RESILIENCY SUMMIT: HONOURING YOUTH VOICE November 28 – 29, 2018, Calgary, Alberta, Treaty 7 Territory The Resiliency Summit is a two day gathering of Indigenous youth, educators and community members for the purposes of sharing activities, and celebrating stories and practices regarding health, wellness, and resilience. Students and educators will learn and share with youth mentors, Elders, community members and researchers, experiencing various traditional, active and creative activities. Learn more: everactive.org/rw/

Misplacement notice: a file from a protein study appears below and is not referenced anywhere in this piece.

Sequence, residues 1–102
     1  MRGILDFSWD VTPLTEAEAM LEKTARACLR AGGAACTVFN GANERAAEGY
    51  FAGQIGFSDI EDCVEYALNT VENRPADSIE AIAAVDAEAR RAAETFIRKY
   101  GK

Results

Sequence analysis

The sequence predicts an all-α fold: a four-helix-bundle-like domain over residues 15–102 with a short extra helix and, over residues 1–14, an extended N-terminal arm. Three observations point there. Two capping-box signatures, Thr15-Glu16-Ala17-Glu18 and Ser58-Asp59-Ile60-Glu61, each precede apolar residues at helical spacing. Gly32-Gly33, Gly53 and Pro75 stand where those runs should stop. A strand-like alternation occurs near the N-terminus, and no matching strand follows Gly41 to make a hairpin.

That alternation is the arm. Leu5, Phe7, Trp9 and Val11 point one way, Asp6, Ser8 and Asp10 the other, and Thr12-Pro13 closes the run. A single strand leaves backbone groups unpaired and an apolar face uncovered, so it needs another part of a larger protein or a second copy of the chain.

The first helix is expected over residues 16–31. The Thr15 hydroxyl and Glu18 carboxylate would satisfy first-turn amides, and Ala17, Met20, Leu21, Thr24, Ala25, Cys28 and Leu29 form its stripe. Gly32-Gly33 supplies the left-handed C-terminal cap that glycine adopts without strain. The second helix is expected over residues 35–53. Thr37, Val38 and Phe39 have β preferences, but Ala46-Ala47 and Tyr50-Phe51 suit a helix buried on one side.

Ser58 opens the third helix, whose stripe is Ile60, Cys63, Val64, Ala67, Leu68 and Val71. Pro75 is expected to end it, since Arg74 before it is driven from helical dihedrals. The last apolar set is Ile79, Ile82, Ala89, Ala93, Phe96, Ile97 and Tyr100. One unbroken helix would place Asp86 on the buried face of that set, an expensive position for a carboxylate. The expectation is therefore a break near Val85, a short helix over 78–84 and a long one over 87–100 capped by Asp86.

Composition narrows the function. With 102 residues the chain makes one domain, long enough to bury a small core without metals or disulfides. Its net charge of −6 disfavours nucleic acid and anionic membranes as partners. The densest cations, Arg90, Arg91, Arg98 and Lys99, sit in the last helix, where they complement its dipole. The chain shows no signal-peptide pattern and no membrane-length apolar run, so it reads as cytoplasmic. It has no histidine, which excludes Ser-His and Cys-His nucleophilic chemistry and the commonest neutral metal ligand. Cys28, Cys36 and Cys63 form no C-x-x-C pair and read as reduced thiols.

SHAPING THE FUTURE 2019 January 31 – February 2, 2019, Lake Louise, Treaty 7 Territory Ever Active Schools is hosting the 10th annual Shaping the Future Conference with over 500 delegates in attendance. Join us in Lake Louise to discuss and learn about Comprehensive School Health from leaders in education, health, active living, research and policy. Find out more: www.everactive.org/stf

THE ALBERTA MEDICAL ASSOCIATION YOUTH RUN CLUB Start a free, fun and flexible Alberta Medical Association Youth Run Club in your school community this fall. Find out more, get free resources and register here: www.amayouthrunclub.com

Visit www.everactive.org to discover other Ever Active Schools events and projects. HEALTHY SCHOOLS ALBERTA

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IN THE

COMMUNITY

Photo: Indigenous student facilitators guide their peers into the shoes of their ancestors with the Blanket Exercise